Thursday, March 19, 2009

Invest Now for the Coming Inflation

The 'Helicopter Economics Investing Guide' is meant to help educate people on how to make profitable investing choices in the current economic environment. In addition to the term helicopter economics, we have also coined the term, helicopternomics, to describe the current monetary and fiscal policies of the U.S. government and to update the old-fashioned term wheelbarrow economics.

Our Video Related to this Blog:

The Federal Reserve finally fessed up yesterday, announcing it was going to print new money to buy U.S. Treasury bonds. While my initial reaction was, 'so what else is new?', the public has not previously been officially informed of the massive inflationary policies that the Fed is implementing. While Bernanke did admit that the Fed was printing money to pay for the bailouts (how else could they have been paid for?) in his 60 Minutes interview, the markets didn't react to his statements on Monday... but they did yesterday. The dollar dropped like a rock, gold shot straight up and interest rates plummeted. Financials had the biggest rally on the good news that worthless government paper was going to be used to purchase their worthless debt paper (for some reason this seems like some sort of scam to me), although all metals and oil went up as well.

In yesterday's announcement the Fed said it will buy $300 billion of U.S treasuries (mostly in the 2 to 10 year range), $750 billion in Mortgage Backed Securities (MBSs) from Fannie Mae and Freddie Mac (both bailouts are black holes for government money), and increase purchase of Fannie Mae and Freddie Mac debt to $200 billion. The Fed signalled it would increase its balance sheet to $4 trillion. It was $900 billion last year and $2 trillion more recently. Take these numbers with a grain of salt, they are on balance sheet only (think Enron accounting). To increase its balance sheet the Fed must print new money. Even without knowing this, it is obvious that new money was being printed for some time now. To pay for all the bailouts, there has been huge new issuance of treasury bonds. Even though this created a big increase in supply, interest rates went down indicating that demand for U.S. treasuries was increasing even faster. Where do you think all of this extra demand came from?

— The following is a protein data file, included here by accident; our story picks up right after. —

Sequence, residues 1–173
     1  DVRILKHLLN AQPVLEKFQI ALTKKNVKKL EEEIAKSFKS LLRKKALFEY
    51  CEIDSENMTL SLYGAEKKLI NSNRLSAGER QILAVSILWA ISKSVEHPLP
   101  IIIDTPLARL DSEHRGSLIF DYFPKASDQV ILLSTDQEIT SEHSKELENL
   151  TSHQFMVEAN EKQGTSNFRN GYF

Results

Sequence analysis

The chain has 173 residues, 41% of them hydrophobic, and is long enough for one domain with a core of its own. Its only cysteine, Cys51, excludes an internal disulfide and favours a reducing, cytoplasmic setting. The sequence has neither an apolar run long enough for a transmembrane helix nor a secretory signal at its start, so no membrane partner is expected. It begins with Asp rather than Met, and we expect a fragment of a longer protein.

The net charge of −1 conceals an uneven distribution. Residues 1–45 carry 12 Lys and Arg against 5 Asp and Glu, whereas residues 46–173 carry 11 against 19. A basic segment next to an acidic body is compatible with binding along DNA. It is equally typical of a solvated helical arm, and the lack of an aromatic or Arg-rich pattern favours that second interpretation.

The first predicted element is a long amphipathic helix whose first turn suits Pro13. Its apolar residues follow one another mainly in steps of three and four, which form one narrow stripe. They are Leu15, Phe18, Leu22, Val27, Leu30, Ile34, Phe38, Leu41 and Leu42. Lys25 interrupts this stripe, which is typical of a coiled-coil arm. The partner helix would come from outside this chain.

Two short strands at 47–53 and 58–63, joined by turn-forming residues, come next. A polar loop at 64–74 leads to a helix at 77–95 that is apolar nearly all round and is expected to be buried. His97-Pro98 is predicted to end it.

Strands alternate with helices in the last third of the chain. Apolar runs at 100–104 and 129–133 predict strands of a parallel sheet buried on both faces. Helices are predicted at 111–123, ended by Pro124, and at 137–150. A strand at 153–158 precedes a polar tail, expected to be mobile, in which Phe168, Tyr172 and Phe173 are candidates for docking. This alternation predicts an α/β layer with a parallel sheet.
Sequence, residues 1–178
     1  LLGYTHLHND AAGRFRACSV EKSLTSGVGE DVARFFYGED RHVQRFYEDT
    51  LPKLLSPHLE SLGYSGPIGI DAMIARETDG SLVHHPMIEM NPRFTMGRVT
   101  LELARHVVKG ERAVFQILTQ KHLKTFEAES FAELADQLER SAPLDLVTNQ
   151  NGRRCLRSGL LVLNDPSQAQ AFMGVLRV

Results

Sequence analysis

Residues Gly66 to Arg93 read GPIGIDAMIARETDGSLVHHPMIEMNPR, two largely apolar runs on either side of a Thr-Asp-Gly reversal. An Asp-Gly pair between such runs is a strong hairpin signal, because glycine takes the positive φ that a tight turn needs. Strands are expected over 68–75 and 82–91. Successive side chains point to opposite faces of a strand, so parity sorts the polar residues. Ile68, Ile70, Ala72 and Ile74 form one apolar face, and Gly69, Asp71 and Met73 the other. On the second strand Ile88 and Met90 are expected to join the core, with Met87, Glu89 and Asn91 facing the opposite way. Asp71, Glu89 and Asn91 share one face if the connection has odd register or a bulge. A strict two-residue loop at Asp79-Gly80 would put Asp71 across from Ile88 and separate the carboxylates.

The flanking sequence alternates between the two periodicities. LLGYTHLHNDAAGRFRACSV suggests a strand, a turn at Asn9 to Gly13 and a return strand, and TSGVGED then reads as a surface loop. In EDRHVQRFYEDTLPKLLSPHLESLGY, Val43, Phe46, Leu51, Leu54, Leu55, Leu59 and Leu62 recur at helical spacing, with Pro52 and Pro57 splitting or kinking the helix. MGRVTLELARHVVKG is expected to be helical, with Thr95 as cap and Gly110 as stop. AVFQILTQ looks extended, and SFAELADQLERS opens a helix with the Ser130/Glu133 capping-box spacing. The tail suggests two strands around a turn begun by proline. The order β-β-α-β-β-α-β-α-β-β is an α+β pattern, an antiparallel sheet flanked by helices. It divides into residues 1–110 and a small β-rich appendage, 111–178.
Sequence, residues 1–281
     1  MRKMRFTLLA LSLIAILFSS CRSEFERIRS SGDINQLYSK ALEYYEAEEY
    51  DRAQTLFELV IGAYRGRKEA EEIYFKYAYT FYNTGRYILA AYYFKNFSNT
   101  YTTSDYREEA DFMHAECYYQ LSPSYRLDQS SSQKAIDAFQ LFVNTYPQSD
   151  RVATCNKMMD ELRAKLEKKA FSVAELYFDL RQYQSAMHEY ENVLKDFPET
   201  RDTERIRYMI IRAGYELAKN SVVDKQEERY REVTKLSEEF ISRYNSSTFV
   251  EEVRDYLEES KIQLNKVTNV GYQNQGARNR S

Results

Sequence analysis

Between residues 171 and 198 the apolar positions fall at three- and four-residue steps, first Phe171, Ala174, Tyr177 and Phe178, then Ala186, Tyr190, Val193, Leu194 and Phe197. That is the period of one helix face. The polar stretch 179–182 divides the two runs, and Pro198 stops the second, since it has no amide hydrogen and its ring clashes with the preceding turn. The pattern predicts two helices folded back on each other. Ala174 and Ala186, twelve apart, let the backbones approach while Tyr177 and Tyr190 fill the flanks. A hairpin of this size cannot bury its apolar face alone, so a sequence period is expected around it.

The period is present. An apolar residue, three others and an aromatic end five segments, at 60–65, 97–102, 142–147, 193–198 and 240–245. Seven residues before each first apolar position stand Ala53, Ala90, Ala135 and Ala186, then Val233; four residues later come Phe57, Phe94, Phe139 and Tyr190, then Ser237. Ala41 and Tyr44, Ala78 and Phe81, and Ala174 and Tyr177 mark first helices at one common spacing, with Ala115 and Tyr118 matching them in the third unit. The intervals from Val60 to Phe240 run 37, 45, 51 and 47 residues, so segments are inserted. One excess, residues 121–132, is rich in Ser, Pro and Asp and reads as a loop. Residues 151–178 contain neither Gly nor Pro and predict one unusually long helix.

The reaction to the Fed's announcement is a prelude to the future. The dollar tanked almost 3% in minutes, something that previously would have been a major move in a month. Gold which had been selling down and traded as low as $889 reversed course and rallied $57, also in minutes. Silver which traded as low as the 11.75 went up a dollar - and is still a major bargain. Oil which was also selling off Wednesday morning, reversed and closed up. It traded as high as $51.65 a barrel overnight, which is a breakout that confirms that a double bottom was made last December and February. All other metals and coal went up as well and you should consider them to be good inflation hedges too. It is possible that even steel stocks put in a bottom because of the Fed's move.

You should be adding to your commodity positions at this point. Consider buying commodities that you don't already own or have large postions in. If you already own enough oil, you might want to buy some more silver for instance. You might want to consider picking up some base metals and coal, if you already own a lot of gold. While, gold, silver and oil are the foundation for inflation investing, any tangible asset that has a useful function and a limited supply that can't be increased significantly is also a good choice.

NEXT: Commodities Rumble, Financials Tumble

Daryl Montgomery
Organizer,New York Investing meetup

This posting is editorial opinion. Like all other postings for this blog, there is no intention to endorse the purchase or sale of any security.

No comments: